We would attach many, prefer the former alternative, we industrial education to every district believe will be found in the result wiser school, if its sole agricultural equipment statesmen, truer philanthropists, and saner were a spade and the only exercise its educators than those who consciously or use in converting the desolate school yard unconsciously so shape educational sysinto a flower garden, its sole mechanical tems as to create the impression that hard equipment a plane, a saw, a hammer and labor is somehow menial and literary some nails, and the only exercise some labor alone genteel. repairs on the ill-built and out-of-repair school-house, its sole domestic equipment a needle and thread and the only exer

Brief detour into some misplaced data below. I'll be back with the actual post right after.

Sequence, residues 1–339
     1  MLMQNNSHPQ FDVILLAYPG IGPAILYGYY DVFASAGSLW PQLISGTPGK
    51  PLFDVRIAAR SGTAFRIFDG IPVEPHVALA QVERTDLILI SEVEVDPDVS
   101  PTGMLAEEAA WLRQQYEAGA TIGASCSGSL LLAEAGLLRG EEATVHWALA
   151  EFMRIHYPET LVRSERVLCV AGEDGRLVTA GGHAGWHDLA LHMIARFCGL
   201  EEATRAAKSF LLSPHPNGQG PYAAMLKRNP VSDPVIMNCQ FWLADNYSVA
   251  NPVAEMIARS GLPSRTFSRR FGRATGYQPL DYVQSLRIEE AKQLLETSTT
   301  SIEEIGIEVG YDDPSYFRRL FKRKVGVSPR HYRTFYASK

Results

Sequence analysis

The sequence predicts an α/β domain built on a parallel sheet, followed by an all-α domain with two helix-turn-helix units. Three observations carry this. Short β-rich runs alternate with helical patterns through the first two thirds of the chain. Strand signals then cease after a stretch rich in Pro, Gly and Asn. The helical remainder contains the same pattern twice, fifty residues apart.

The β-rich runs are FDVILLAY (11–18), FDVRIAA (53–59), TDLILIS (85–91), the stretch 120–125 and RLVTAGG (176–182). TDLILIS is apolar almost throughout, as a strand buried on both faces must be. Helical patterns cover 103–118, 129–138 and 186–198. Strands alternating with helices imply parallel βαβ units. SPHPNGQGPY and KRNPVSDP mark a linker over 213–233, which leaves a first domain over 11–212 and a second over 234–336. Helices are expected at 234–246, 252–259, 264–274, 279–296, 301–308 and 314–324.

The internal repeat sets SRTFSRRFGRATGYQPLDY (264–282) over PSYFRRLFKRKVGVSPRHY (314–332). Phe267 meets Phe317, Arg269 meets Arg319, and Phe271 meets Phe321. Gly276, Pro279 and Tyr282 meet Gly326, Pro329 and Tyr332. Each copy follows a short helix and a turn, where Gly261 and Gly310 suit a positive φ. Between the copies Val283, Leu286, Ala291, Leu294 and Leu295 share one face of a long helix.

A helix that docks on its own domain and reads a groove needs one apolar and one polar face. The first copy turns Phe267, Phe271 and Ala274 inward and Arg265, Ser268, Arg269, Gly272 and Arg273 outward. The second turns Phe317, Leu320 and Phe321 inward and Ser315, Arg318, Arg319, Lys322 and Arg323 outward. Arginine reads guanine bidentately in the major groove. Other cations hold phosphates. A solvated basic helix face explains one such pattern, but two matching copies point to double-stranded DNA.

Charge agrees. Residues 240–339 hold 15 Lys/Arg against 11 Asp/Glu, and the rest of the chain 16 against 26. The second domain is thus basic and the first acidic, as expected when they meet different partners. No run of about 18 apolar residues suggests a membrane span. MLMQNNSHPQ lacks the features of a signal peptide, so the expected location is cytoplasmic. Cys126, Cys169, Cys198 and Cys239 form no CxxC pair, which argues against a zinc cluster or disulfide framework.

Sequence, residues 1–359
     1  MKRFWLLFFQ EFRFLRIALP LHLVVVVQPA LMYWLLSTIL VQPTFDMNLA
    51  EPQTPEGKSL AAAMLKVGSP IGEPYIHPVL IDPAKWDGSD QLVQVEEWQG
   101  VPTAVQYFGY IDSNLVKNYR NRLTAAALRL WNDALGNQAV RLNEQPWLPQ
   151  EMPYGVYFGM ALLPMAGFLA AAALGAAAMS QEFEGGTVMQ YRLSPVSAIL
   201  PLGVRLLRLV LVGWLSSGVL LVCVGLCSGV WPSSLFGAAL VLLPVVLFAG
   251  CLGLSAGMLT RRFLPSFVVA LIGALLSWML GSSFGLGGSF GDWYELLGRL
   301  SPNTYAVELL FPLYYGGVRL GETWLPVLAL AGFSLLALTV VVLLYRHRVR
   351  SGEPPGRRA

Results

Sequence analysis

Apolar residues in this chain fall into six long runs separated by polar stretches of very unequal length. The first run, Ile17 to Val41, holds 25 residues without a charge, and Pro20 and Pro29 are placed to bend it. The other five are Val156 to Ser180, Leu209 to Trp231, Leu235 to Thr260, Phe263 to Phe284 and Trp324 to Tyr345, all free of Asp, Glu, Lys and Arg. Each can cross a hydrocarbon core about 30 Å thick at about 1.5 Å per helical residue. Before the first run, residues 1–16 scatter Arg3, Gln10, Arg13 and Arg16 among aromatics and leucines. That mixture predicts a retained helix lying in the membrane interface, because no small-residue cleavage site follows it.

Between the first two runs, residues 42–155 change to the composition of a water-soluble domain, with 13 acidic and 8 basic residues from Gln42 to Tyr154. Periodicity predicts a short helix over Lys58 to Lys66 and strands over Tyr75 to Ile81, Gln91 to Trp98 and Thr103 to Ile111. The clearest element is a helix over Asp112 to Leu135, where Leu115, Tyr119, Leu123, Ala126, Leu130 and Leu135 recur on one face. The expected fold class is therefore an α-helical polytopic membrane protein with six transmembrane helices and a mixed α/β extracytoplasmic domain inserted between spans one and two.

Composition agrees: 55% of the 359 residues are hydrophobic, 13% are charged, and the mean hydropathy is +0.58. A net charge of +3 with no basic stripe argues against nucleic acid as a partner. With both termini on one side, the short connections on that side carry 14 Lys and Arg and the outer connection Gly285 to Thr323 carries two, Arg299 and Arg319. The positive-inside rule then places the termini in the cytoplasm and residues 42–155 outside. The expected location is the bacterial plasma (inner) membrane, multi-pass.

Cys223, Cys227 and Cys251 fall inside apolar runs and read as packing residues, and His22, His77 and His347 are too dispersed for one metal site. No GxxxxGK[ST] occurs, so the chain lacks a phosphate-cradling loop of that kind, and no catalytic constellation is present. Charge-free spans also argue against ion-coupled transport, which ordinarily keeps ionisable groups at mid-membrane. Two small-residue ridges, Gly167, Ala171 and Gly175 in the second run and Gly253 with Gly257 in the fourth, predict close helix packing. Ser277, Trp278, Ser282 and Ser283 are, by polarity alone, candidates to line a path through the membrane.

A Dangerous Time cise repairs on the ragged gowns of the girls. We would do this in Massachusetts The transactions in the Stock Exchange and New York as well as in Alabama and on Wall Street last week were the largest Georgia. The notion that industrial train- in the history of the country, and the ing is an inferior sort of education, and largest in the history of any exchange. the notion that it should be a class educa- That there has been a great and subtion, we emphatically repudiate.